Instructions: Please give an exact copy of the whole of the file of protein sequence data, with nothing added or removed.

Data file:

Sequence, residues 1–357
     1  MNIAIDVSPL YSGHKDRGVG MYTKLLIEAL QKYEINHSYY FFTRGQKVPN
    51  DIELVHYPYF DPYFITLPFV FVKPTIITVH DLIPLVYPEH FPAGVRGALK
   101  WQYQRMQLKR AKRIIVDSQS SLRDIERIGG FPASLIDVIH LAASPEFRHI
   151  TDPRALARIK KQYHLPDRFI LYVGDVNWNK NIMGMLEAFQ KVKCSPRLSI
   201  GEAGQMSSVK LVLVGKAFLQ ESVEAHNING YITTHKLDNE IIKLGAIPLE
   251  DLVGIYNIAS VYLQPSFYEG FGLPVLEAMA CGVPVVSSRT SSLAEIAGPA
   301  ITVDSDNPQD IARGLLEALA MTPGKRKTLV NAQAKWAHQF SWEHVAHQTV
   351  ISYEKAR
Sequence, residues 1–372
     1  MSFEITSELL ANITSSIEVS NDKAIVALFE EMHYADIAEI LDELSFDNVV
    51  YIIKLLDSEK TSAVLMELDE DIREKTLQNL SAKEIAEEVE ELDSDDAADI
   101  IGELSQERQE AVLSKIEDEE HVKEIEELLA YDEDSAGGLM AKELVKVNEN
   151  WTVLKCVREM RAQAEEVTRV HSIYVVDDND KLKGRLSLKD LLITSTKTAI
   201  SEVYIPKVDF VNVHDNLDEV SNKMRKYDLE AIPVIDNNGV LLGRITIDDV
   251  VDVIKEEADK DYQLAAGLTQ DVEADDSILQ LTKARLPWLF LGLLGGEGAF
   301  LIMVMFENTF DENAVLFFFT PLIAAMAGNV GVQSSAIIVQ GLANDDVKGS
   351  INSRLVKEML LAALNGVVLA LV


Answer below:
Sequence, residues 1–357
     1  MNIAIDVSPL YSGHKDRGVG MYTKLLIEAL QKYEINHSYY FFTRGQKVPN
    51  DIELVHYPYF DPYFITLPFV FVKPTIITVH DLIPLVYPEH FPAGVRGALK
   101  WQYQRMQLKR AKRIIVDSQS SLRDIERIGG FPASLIDVIH LAASPEFRHI
   151  TDPRALARIK KQYHLPDRFI LYVGDVNWNK NIMGMLEAFQ KVKCSPRLSI
   201  GEAGQMSSVK LVLVGKAFLQ ESVEAHNING YITTHKLDNE IIKLGAIPLE
   251  DLVGIYNIAS VYLQPSFYEG FGLPVLEAMA CGVPVVSSRT SSLAEIAGPA
   301  ITVDSDNPQD IARGLLEALA MTPGKRKTLV NAQAKWAHQF SWEHVAHQTV
   351  ISYEKAR
Sequence, residues 1–372
     1  MSFEITSELL ANITSSIEVS NDKAIVALFE EMHYADIAEI LDELSFDNVV
    51  YIIKLLDSEK TSAVLMELDE DIREKTLQNL SAKEIAEEVE ELDSDDAADI
   101  IGELSQERQE AVLSKIEDEE HVKEIEELLA YDEDSAGGLM AKELVKVNEN
   151  WTVLKCVREM RAQAEEVTRV HSIYVVDDND KLKGRLSLKD LLITSTKTAI
   201  SEVYIPKVDF VNVHDNLDEV SNKMRKYDLE AIPVIDNNGV LLGRITIDDV
   251  VDVIKEEADK DYQLAAGLTQ DVEADDSILQ LTKARLPWLF LGLLGGEGAF
   301  LIMVMFENTF DENAVLFFFT PLIAAMAGNV GVQSSAIIVQ GLANDDVKGS
   351  INSRLVKEML LAALNGVVLA LV